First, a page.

Is this moment the coup de grace for Jack? Or will he be able to rise above it once again to tackle Cheng and stop a war between Russia and the United States? My bet is that Jack is going to be grabbing a gun and kicking Cheng’s butt from here to Beijing before it’s all over.

Until next week, Klaatu barada nikto!

About Victor Lana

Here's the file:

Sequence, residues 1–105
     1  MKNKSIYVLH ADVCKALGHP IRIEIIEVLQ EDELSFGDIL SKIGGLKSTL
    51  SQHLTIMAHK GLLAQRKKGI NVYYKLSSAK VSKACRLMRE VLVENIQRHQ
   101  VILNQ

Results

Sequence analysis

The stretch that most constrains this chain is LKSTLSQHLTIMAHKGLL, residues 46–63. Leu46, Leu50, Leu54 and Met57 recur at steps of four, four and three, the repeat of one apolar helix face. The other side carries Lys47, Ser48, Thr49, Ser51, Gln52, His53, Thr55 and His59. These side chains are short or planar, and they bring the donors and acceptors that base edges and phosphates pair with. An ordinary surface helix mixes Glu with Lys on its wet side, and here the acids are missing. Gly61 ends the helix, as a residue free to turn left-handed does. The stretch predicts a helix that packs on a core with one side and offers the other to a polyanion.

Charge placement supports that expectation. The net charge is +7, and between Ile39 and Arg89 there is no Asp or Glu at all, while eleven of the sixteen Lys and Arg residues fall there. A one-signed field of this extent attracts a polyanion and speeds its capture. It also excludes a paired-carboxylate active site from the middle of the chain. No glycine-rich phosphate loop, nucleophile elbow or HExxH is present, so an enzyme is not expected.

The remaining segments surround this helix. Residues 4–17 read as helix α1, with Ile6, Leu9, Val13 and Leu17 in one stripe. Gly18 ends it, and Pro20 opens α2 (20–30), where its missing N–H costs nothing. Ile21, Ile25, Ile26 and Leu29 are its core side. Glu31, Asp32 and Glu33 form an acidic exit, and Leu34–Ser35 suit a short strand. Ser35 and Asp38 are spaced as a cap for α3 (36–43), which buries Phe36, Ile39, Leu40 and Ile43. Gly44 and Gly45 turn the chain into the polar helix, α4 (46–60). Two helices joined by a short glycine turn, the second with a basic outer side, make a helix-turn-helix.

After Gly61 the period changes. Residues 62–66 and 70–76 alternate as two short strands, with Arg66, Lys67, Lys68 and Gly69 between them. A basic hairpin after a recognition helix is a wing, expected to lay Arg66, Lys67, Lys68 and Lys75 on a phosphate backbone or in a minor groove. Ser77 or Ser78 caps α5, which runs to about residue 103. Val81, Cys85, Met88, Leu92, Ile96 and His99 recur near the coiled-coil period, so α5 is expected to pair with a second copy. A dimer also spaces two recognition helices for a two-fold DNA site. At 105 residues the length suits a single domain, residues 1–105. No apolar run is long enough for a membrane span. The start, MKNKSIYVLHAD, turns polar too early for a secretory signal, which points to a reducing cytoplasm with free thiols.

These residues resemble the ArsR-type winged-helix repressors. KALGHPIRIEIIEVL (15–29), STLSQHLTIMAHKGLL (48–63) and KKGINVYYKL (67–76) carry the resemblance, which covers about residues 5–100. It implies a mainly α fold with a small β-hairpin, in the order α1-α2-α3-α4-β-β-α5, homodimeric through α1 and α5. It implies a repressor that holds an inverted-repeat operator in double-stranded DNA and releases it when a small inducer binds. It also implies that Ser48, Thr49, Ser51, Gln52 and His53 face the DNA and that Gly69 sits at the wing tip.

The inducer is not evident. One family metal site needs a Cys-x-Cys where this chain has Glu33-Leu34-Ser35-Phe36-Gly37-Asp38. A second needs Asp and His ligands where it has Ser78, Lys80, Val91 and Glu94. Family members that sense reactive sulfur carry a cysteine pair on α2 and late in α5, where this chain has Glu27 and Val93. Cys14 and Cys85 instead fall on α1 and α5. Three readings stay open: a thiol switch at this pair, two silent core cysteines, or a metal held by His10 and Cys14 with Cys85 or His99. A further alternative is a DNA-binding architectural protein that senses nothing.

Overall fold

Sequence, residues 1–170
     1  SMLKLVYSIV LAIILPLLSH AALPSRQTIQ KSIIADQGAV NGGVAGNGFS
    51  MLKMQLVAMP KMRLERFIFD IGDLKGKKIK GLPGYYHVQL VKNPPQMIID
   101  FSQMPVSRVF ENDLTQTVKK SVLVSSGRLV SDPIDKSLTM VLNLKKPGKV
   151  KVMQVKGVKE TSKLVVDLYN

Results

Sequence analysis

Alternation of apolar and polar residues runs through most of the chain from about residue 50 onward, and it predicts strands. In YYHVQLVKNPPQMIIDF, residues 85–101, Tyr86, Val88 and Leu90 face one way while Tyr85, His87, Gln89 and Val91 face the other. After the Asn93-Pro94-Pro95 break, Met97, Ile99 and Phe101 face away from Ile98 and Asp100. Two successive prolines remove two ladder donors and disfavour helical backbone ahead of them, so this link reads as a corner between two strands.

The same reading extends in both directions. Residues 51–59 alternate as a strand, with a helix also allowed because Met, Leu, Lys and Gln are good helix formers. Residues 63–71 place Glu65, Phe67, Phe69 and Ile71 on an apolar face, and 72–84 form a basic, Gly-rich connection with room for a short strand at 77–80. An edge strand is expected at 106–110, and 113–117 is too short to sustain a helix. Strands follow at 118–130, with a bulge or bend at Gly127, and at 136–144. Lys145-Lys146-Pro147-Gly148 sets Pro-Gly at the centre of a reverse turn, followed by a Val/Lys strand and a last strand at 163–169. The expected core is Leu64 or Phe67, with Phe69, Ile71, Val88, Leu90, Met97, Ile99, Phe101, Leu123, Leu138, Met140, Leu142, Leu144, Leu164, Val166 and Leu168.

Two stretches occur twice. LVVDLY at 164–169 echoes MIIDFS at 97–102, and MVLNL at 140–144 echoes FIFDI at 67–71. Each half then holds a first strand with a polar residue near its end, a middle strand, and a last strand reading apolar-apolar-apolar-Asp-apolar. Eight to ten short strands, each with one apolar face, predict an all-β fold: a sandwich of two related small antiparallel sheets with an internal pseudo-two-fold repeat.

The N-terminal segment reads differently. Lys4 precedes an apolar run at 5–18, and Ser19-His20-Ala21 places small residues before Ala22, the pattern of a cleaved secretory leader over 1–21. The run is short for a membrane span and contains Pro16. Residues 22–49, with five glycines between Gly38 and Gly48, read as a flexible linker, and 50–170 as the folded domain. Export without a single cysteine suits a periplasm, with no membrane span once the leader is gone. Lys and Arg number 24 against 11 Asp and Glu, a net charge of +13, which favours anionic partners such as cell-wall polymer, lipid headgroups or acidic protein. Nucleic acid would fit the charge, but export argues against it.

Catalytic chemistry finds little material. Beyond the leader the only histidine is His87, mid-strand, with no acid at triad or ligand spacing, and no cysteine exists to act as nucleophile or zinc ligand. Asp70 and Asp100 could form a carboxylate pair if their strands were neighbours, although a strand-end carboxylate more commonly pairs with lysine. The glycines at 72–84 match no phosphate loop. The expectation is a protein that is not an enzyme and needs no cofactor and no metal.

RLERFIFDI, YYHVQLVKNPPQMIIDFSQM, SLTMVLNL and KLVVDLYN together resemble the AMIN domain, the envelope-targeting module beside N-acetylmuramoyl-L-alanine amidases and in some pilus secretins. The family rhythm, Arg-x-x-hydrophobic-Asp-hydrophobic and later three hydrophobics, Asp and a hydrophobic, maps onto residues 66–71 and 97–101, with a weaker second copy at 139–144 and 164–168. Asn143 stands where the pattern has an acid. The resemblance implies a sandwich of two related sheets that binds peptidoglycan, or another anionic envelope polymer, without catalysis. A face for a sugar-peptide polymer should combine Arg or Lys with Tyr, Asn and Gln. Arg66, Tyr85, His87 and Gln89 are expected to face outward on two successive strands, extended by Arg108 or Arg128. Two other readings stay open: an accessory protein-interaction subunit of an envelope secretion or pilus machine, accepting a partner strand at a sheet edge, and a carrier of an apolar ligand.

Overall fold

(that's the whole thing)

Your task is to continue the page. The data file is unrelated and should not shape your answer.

Victor Lana's stories, articles, and poems have been published in literary magazines and online. His books 'A Death in Prague' (2002), 'Move' (2003), 'The Savage Quiet September Sun: A Collection of 9/11 Stories' (2005), and 'Like a Passing Shadow' (2009) are available in print, online, and as e-books. His latest books 'Heartbeat and Other Poems,' 'If the Fates Allow: New York Christmas Stories,' 'Garden of Ghosts,' and 'Flashes in the Pan' are available exclusively on Amazon. After winning the National Arts Club Award for Poetry while attending Queens College, he concentrated on writing mostly fiction and non-fiction prose until the recent publication of his new book of poetry, 'Heartbeat and Other Poems' (now available on Amazon). He has worked as a faculty advisor to school literary magazines and enjoys the creative process as a writer, editor, and collaborator. He has been with 'Blogcritics Magazine' since July 2005 and has written many articles on a variety of topics; previously co-head sports editor, he now is a Culture and Society and Flash Ficition editor. Having traveled extensively, Victor has visited six continents and intends to get to Antarctica someday where he figures a few ideas for new stories await him.